The generally accepted pay package for artisans and craftsmen in Nigeria is quite low. This also does not encourage young people to desire to venture in this field. For example, bricklayers are paid between ₦ 3000 and ₦ 5000 per day, depending on the location (which is between $ 7 and $ 12). This figure is about the amount their counterparts earn per hour in the developed world.

   3. Inadequate Training Facilities

Most of our technical colleges, monotechnics, polytechnics, and universities lack the necessary training facilities to train people in vocational and technical education. This mostly affects those involved in technical education. Most tertiary institutions lack the skilled manpower and equipment to impart knowledge into their students.

For example, some Nigerian students in fields like computer science and electronic engineering go through university and never have the experience of writing a workable computer program. The inadequate facilities makes it almost impossible for students to gain knowledge and skill in even the most basic practical application of their course of study.

      4.Inadequate Funding of Regulatory Agencies

The regulatory agencies such as NABTEB have gone to town on several occasions to complain about poor funding from the federal government .They have argued that insufficient funds is primarily responsible for them not carrying out their statutory responsibilities as they ought to.

    5.Lack of Standards

In developed climes, government agencies are usually set up to standardize the services rendered by artisans, crafts men, technicians, technologists, engineers, and all other vocational and technical practitioners. They are usually given licenses, without which they cannot practice their trade. This ensures that a uniform standard is maintained across board.

    6.Unhealthy Business Environment

Most businesses set up by those who have learnt some vocational and technical skills are often suffocated by the unhealthy business environment in Nigeria. Challenges such as unstable power, multiple taxation and unavailability of affordable credit adversely affect most small business.

For example if an individual sets up a hair dressing saloon, such person is faced with the challenge of providing power, water, paying taxes to local and state government agencies.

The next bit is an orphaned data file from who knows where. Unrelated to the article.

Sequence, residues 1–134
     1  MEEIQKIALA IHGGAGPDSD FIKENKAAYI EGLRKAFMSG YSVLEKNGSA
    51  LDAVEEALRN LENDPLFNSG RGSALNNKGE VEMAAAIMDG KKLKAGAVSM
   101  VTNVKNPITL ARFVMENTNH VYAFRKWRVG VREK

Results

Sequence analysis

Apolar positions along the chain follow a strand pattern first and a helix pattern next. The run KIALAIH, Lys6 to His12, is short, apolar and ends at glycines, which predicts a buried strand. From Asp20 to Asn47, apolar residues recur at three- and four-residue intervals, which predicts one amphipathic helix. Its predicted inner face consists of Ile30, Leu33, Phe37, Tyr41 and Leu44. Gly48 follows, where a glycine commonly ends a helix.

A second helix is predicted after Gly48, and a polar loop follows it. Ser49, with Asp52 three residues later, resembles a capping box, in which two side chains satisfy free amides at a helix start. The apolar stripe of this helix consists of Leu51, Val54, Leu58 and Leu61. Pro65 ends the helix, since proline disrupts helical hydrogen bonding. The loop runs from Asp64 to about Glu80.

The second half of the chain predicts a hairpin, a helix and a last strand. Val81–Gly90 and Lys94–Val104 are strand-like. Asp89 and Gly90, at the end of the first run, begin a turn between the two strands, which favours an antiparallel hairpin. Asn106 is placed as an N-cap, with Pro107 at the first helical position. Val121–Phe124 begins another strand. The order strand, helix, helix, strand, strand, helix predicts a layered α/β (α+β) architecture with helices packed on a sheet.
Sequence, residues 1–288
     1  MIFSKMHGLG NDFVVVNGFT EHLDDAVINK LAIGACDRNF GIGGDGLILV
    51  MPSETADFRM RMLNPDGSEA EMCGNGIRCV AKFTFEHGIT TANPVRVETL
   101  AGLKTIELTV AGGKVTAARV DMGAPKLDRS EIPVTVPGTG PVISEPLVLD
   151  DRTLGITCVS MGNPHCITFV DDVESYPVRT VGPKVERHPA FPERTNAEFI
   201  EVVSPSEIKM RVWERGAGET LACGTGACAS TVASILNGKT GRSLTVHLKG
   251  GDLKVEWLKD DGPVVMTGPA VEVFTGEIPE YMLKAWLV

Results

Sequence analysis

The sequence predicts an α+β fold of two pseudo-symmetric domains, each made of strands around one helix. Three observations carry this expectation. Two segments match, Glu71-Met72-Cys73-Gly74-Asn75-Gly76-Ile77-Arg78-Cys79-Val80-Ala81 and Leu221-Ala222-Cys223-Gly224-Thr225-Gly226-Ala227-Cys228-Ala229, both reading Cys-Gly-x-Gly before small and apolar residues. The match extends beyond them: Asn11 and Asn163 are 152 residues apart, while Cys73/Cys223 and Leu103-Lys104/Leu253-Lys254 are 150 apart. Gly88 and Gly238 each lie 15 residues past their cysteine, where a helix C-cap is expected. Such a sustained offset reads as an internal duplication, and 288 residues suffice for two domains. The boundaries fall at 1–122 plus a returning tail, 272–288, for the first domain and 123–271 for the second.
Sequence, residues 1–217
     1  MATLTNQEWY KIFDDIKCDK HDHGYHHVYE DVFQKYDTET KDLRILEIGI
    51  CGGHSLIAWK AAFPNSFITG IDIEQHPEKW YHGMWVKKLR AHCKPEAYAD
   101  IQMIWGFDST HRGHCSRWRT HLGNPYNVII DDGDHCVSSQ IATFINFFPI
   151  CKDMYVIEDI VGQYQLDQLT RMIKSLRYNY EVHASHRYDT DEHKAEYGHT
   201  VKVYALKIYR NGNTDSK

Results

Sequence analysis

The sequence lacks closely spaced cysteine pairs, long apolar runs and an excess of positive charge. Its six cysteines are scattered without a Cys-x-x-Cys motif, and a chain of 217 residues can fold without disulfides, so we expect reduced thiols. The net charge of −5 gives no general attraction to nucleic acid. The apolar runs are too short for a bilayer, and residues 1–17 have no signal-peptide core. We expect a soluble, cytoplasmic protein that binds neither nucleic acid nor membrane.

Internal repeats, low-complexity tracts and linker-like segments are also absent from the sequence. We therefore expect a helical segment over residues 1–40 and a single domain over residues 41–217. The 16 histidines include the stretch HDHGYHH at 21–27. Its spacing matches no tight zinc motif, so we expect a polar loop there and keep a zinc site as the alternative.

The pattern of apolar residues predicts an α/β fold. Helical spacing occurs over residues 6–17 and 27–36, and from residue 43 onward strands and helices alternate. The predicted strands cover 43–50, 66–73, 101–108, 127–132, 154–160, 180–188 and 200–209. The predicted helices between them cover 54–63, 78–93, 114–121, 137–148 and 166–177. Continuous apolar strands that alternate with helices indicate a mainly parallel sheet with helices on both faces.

Despite the avalanche of problems facing vocational and technical education in Nigeria, there are still some prospects attached to it. Some of these are;

  1. Changing Mind-set Towards Vocational and Technical Education

There has been a remarkable change in the way people see and regard vocational and technical education in Nigeria, due to the shortage of white collar jobs. A significant number of graduates are now happy to be trained as artisans and craftsmen. Graduates in fields such as medicine, law, engineering and accounting have picked up roles in fashion design, carpentry, shoemaking, masonry and other vocations.

      2.Improvement in the Awareness about Regulatory Agencies

Significant amount of Nigerians are now aware of the agencies that regulate vocational and technical education. This has enabled them to become certified in their chosen technical field, such their level of skill and proficiency can be ascertained and guaranteed.

      3.Improved Government Participation

The government has come to the realization that encouraging vocational and technical education is a sure and sustainable way to pull citizens out of poverty, hence delivering on the dividends of democracy. This renewed belief has been displayed through government interventions using agencies like NABTEB, Bank of Industry and other small and medium scale funds which develops entrepreneurial skills.

See: How to secure an Agricultural loan through the Bank of Agriculture

            The importance of vocational and technical education to the development of Nigeria cannot be over emphasized. Governments and all levels, corporate bodies and individuals must begin to take it more seriously in order to create a more prosperous and economically viable Nigeria.

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Ikponmwosa Aikhionbare

Ikponmwosa Aikhionbare is a Content Developer at InfoGuideNigeria.com. InfoGuide Nigeria is a team of Resource Persons and Consultants led by Ifiokobong Ibanga. Page maintained by Ifiokobong Ibanga. If you need a personal assistance on this topic, kindly contact us.